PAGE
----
The Ajax armoured vehicle is now a "procurement disaster of the first order" a former British officer in the Royal Tank Regiment has claimed. Lieutenant Colonel Stuart Crawford was speaking after the Government confirmed payments towards the £5.5 billion vehicle cost are set to resume - with defence procurement minister Alex Chalk insisting the troubled project had "turned a corner."
On Monday, the Ministry of Defence (MoD) said it will hand over £480 million this month, having halted payments to General Dynamics more than two years ago.
The vehicles had been due to enter service in 2017 - but their introduction has been repeatedly delayed, with problems including noise and vibration which injured soldiers.
The MoD now anticipates the first vehicles will be rolled out from July 2025.
Lt Col Crawford told Express.co.uk: "It's a procurement disaster of the first order.
"Continuing with the project is more to do with trying to preserve individual and organisational reputations than getting a decent vehicle for the British army into service.
"If it ever does get accepted for service it will be obsolescent and forever tainted."
He continued: "We should have pulled the plug on it long ago but nobody is brave enough to do so.
"Successive Chiefs of the General Staff should have intervened."
Speaking earlier this week, Defence Secretary Ben Wallace said: "Having worked closely with General Dynamics to address the issues, I am pleased to say that we are making progress and are now on course to see the delivery of a suite of hundreds of battle-ready vehicles for the British Army."
In a written statement to MPs, Mr Chalk said payments would resume with a payment of roughly half what has been held back since December 2020.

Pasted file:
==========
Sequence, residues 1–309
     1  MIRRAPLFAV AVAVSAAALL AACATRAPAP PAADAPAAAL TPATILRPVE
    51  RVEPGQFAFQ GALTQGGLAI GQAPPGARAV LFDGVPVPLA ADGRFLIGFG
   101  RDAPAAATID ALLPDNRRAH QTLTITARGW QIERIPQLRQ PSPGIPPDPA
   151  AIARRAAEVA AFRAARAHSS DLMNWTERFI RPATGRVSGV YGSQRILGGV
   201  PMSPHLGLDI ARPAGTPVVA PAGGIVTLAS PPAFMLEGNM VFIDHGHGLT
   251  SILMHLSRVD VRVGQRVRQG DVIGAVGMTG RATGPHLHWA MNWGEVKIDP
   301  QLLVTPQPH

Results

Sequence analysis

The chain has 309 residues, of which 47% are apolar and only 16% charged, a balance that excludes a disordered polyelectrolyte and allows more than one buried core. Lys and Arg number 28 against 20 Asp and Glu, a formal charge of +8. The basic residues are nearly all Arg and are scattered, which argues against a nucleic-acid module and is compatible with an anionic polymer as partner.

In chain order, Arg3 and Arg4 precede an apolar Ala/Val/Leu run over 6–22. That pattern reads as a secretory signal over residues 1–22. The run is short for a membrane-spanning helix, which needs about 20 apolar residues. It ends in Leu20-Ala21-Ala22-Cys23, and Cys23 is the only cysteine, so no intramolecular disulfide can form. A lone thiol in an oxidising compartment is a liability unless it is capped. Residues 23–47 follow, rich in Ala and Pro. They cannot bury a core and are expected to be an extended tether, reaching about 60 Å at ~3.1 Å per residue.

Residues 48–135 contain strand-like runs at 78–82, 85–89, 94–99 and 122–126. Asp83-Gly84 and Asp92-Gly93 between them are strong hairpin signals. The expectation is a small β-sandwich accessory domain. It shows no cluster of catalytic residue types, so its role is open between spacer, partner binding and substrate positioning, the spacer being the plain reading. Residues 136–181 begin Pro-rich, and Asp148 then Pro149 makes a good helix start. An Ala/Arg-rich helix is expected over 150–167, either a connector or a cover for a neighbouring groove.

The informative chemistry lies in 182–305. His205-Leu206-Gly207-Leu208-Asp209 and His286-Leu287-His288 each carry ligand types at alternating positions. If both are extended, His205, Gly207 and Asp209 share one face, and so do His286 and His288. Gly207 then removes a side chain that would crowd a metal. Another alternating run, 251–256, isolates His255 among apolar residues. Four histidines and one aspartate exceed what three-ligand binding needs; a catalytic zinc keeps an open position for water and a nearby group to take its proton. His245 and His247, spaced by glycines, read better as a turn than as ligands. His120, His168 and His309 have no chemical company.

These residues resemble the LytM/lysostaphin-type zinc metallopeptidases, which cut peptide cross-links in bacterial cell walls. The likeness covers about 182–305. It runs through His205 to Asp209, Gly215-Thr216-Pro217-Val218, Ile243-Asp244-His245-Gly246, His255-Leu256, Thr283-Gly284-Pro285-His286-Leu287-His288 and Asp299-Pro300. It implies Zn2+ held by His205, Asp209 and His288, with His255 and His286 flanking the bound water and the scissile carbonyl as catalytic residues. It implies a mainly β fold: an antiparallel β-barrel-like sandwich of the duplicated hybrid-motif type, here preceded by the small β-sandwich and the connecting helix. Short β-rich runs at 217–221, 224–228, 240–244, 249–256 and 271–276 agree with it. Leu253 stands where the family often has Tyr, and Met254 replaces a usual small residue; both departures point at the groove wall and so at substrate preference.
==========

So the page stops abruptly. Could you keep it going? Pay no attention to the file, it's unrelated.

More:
He explained: "Given the satisfactory progress against the programme, the department will resume payments this month, starting with a payment of £480 million.
"Restarting payments to General Dynamics reflects the fact that the programme continues to return to a firm footing and supports the delivery of the schedule to deliver operational capability."
He said further payments for 589 of the fighting vehicles would be made against a "new schedule and its milestones", he added.
He declared: "The Ajax programme is turning a corner, but this does not remove the need for the department to identify and learn lessons."
In response, Labour claimed Government was "failing British taxpayers and British troops".
Shadow defence secretary John Healey said: "The Conservatives are shelling out billions more of taxpayers' money on a project which is already six years late and won't fully deliver until the end of this decade.
"The Defence Secretary has made Ajax central to the future of the Army and the UK's ability to fulfil our Nato obligations, yet after 13 years and £4 billion investment the Army has still not got a single deployable vehicle.
"It is clear the Government can't deliver value for public money or the equipment our forces need to fight."
A British Army press release earlier this week said subject to contract amendment, "Initial Operating Capability will be achieved between July and December 2025", while reliability growth trials "continue to progress well".
Deputy Chief of the General Staff, Lieutenant General Sharon Nesmith said: "I am pleased and excited to see Ajax progress through the Reliability and Growth Trials.
"Ajax is the heart of the Army's modernisation programme, significantly enhancing our surveillance and strike capability."2023-03-25T09:12:56Z dg43tfdfdgfd